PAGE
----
What Am I Drinking?

Serena Zelezny ran this Wine School in Bryn Mawr, a wealthy suburb of Philadelphia. It was one of Philly’s newest wine education spots, opening on April 22nd, 2017. With classes like “Box or Bottle?” and “Wine, Wealth & What to Wear,” this seemed like a fresh and fun newcomer to the wine scene. But, sadly, it ended up as another failed retread of hostility and incompetence.

Sommelier Courses offered: None

Vinocity

This small school focused on private wine events but also offered classes to the public. The school was founded in 2014 by Victoria Miller, an alumnus of the Wine School of Philadelphia. The school did not have a permanent location; classes were held at Twenty-Two Gallery, an art gallery located at 236 S. 22nd Street in Philadelphia. Interestingly, this was only several blocks from Ms. Miller’s alma mater.

Our reports indicated that the classes were breezy and light, good fare for beginner students. The instruction could sometimes be stilted and off-note, but we expected these wrinkles to be ironed out with time.

Update: Currently Not Running Classes. The owner is now teaching for Main Line School Night.

Sommelier Courses offered: None

Restaurant School at Walnut Hill College

The school used to offer wine classes to the public but no longer does. This was probably good for the school’s wine program: those classes had been poorly received and attended. The school still offers its wine course to the public, however.

The Restaurant School at Walnut Hill College offered the Certified Specialist of Wine (CSW) certification under its “Professional Wine Institute” banner. Its offerings in wine education evolved over the years but also suffered from mismanagement and lack of focus. In an earlier incarnation, the school offered certification from the ISG, WSET, and NWS.

Another negative was the high tuition. The cost of taking a Level One program there was more than it cost to earn up to a Level Three certification in other local wine schools. As an accredited college, Walnut Hill could have offered top-notch education, but it failed to deliver that promise.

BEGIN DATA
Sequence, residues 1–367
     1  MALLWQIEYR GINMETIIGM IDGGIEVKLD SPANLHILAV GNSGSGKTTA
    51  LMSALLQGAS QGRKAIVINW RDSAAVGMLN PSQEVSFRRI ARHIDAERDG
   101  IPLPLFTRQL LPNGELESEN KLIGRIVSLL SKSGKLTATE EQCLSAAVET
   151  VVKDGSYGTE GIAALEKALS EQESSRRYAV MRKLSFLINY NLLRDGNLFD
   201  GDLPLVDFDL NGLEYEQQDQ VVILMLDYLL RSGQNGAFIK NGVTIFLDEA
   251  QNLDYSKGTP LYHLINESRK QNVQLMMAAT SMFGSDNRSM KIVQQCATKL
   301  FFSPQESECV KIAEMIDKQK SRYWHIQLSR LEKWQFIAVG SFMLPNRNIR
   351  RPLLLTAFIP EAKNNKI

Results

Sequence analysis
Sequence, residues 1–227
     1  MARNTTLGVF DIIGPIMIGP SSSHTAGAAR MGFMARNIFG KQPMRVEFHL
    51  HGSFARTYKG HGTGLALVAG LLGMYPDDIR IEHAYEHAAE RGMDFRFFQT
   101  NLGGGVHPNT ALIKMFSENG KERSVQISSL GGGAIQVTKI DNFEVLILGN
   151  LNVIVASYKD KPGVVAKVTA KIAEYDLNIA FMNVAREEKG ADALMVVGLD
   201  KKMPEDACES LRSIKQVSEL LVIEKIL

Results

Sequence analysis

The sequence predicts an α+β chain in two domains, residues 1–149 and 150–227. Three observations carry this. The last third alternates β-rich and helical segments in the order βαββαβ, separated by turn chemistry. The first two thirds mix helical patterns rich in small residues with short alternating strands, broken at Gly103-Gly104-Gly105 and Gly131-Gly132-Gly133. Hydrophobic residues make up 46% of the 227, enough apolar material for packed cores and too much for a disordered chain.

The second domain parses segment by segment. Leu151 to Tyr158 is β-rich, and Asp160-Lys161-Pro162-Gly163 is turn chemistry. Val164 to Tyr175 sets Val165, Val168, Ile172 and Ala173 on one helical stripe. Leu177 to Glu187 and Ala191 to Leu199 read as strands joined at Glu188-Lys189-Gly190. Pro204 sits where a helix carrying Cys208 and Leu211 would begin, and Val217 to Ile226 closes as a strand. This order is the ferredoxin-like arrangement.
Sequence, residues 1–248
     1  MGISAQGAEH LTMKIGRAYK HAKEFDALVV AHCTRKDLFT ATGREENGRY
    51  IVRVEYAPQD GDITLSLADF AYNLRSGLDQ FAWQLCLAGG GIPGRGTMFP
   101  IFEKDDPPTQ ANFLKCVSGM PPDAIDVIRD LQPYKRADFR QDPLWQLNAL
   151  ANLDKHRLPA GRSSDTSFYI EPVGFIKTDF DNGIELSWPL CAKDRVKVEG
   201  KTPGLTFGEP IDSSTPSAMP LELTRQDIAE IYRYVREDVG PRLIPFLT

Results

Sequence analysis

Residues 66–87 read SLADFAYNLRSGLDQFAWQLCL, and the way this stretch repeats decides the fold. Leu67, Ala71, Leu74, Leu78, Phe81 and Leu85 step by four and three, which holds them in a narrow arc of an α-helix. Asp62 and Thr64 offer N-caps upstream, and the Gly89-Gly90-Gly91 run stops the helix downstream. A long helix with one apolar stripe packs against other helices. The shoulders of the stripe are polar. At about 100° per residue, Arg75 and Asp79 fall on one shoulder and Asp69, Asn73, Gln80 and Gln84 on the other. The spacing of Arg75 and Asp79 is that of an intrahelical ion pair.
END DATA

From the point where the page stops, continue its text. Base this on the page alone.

Sommelier Courses offered: None

The Restaurant School no longer offers sommelier certification courses in Philadelphia.

Tria Fermentation School

As of 2015, the Fermentation School no longer offered public classes except for the occasional Tria Wine 101.

In 2006, the Tria Fermentation School opened with a bang. Even before a single ticket was sold to the public, Food & Wine Magazine listed it as one of “America’s 50 Most Amazing Wine Experiences.” Even sitting in its classroom was a stellar experience, designed by the architecture firm Terra Studio.

The school was the brainchild of Michael McCaulley, the wine director of Tria, a local chain of upscale wine bars. He was influenced by the success of other regional wine schools, most notably Philly’s Wine School, but clearly felt he could take the concept to new heights.

The Fermentation School did not run sommelier training programs, nor did it run classes by a set stable of teachers. Instead, McCaulley brought winemakers and brewers to speak directly to the audience. While this method of instruction was more promotional than educational, the experience was critically acclaimed.

While it was not a sommelier school, it acted as a training center for Tria staff. Some classes, including the Tria Wine 101 class, were open to the public.

Sommelier Courses offered: None

Pinot Boutique

Pinot Boutique ran a wine school in Philadelphia’s posh Old City neighborhood. It was one of the longest-running wine schools in the city, with over a decade of operation since 2006. At first, the school was operated by members of the Wine School of Philadelphia.

However, programming and class quality dropped since those first years. The owner’s reputed relationship with at least one crucial journalist propped up Pinot Boutique’s brand. However, our review of their classes gave them a failing grade.